There was plenty else to enrage Dick Cheney. It is a safe bet that he went bananas when he learned that Joe Wilson's wife was a CIA officer - and working on the issue of highest priority, how to prevent countries like Iraq and Iran from obtaining weapons of mass destruction.
Cheney smelled a rat. It was easy to jump to the conclusion that Valerie Plame and her knowledgeable colleagues would have seen right through the Iraq-Niger report. The embassy in Niger had poured cold water on it, and a very senior US Army general, who had journeyed to Niger, came to the and four-star Marine General Carlton Fulford, who visited Niger and spoke with Niger's president and foreign minister on Feb. 24, 2002, came to the same conclusion. So here was Plame, and by extension her CIA colleagues, preparing to administer the coup de grace. The CIA would send a person with deep substantive expertise on the subject and also very good contacts in Niger (from previous service in Niger and other African countries, not to mention Baghdad).
Already, there was no love lost between Cheney and the CIA. And vice versa, Cheney having destroyed the agency's reputation for objective analysis by insisting on the creation of a fraudulent NIE to get Congress to approve an unnecessary war. The CIA could not very well say, well, Cheney made us do it. Cheney, on the other hand, was free to say, well, the CIA misled us badly - and did say that.
Cheney would have seen the daggers out for him, with the Plame/Wilson team commissioned to administer the coup de grace. For who was in better position to know how spurious the Iraq-Niger report was than the woman professional leading the clandestine effort to collect intelligence on precisely that subject? The agency, Cheney must have thought, was out to knock down his favorite report, the premium "evidence" that Iraq was "reconstituting" its nuclear weapons program, for what it was - a fraud.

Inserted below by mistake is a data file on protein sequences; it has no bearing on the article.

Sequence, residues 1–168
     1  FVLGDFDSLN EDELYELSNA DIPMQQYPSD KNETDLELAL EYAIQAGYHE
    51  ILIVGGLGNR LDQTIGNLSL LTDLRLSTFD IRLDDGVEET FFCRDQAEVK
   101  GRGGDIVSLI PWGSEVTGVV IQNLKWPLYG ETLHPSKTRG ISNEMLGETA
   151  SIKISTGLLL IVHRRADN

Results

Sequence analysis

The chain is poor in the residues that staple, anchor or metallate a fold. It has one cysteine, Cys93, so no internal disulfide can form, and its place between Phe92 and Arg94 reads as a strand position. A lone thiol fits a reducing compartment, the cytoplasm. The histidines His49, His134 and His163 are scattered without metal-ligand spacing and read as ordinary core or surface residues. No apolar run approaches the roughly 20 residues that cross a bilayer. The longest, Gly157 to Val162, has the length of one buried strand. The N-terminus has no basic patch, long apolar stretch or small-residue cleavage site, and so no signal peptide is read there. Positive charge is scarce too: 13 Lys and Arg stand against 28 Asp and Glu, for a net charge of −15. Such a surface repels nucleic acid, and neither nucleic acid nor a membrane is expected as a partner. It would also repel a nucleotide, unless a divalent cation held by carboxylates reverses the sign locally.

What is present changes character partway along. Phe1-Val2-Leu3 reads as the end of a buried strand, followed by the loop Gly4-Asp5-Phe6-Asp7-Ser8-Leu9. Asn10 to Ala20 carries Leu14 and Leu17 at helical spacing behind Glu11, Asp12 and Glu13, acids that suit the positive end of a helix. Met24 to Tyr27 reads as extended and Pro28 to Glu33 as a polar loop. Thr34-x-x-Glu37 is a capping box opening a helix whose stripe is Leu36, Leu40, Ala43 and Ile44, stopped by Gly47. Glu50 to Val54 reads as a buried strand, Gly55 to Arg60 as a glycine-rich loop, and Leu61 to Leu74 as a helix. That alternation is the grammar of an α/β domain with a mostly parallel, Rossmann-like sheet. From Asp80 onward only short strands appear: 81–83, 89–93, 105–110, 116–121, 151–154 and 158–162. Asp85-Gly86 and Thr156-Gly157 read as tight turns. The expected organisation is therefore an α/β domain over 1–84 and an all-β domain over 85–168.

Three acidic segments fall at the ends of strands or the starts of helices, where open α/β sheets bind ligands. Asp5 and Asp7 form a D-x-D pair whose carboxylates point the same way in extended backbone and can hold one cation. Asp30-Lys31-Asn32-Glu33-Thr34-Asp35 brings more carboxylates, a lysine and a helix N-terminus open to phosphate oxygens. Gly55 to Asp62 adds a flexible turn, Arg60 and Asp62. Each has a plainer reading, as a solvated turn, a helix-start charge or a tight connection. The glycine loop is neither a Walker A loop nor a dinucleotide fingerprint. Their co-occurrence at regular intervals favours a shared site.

The Worst of Times
Wilson's op-ed of July 6 could not have come at a worse time for the White House. Barely four months into invasion of Iraq, the "justifications" had already evaporated.
CIA analysts were still insisting, correctly, that there were no meaningful ties between al-Qaeda and Iraq, despite Tenet's acquiescence to Powell's request that Tenet sit behind him on camera as Powell wove his web of half- and un-truths at the UN. (Watching Tenet sit impassively as Powell spoke of a "sinister nexus" between al-Qaeda and Iraq was a tremendous blow to the morale of the courageous analysts who had resisted that particular recipe for cooking intelligence. As for their colleagues working on WMD, most of them had long since been pressured to cave in to Cheney's pressure during the dozen visits he made to CIA headquarters and were not as incensed.)
No trace had been found of weapons of mass destruction. In some quarters (even in the corporate press) the casus belli had morphed into a casus bellylaughi. Reports in Fox News that Saddam had somehow transported his WMD to Syria undetected (or maybe buried them in the desert) elicited widespread ridicule. Constant reminders of how difficult it is to find something in such a large country as Iraq - "the size of California" - were wearing thin. The attempt to associate uranium enrichment with the (in)famous aluminum tubes had, well, gone down the tubes. And the "mobile biological weapons laboratories," initially applauded by the president himself as proof the administration had found the WMD, turned out to be balloon-making machines for artillery practice, as the Iraqis had said. It was getting very embarrassing.
So this new challenge from Joe Wilson and his obnoxiously expert wife made for a very bad hair day. Cheney readily saw it as payback by honest CIA professionals for all the crass arm-twisting they had experienced at the hands of Cheney and kemosabe Libby. It is not hard to put oneself in Cheney's frame of mind as he witnessed the gathering storm.